Wednesday, October 17, 2012

Indigenous Peoples: UK snubs tribal rights by refusing to ratify key law

In May, tribes from four continents, including Kenya's Samburu, urged the UK to ratify ILO 169.
© Survival

Source: Survival International

The UK has dismayed tribal and indigenous peoples as well as activists around the world by refusing to ratify a key international law, which protects their basic human rights by involving them in consultations over ‘development’ projects on their land.

Prime Minister David Cameron has defended his position by saying the law, known as ILO Convention 169, cannot be implemented, ‘as the UK has no indigenous people to whom the Convention can apply’. However, two other countries, Spain and the Netherlands, have ratified the law despite being in a similar position.

The Liberal Democrat party pledged to ratify this convention in 2009, and in May tribal leaders from around the world appealed to the British government to ratify it.

The verdict has left supporters dismayed, especially as the overseas work of UK companies has a major impact on tribal and indigenous people around the world.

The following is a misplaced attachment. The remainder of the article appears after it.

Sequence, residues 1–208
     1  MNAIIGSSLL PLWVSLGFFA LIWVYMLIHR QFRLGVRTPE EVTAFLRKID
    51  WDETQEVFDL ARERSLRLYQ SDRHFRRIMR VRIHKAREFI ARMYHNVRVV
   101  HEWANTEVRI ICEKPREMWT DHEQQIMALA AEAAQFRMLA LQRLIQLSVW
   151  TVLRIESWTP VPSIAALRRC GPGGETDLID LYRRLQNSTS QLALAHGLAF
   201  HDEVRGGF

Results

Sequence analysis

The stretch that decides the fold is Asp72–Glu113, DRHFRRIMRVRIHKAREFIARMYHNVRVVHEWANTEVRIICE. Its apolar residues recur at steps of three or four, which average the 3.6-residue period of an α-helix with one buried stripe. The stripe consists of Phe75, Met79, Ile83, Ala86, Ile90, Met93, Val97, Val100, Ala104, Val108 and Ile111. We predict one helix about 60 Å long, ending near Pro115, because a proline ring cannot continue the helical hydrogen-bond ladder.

UK mining giant Vedanta Resources, for example, was heavily criticised by the OECD for mistreating India’s Dongria Kondh tribe – Vedanta wants to mine their land for bauxite.

Martin Horwood MP, who chairs the all-party group for tribal peoples in the UK Parliament, has criticized his government for not backing the law.

It ‘completely underestimated the importance and impact UK ratification would have had on UK companies, on UK policy and on the international community.’

ILO 169 is the only international law for tribal peoples. It recognizes their rights to land ownership, self-determination, and consultation over projects that affect them.
So far, only 22 countries support the law, which is legally binding, unlike the UN Declaration on the Rights of Indigenous People.

Survival International’s Director Stephen Corry said today, ‘It is no coincidence that so much of the world’s remaining rainforests and biodiversity are on tribal peoples’ lands. ILO 169 is not just a law for tribal peoples; it is a law for everyone. It plays a key role in saving the world’s rainforests, by putting control of the land back in the hands of the people who have looked after it for generations. Britain’s refusal to ratify the law is shameful, particularly given the terrible impact its colonial past has had on so many tribal peoples around the world.’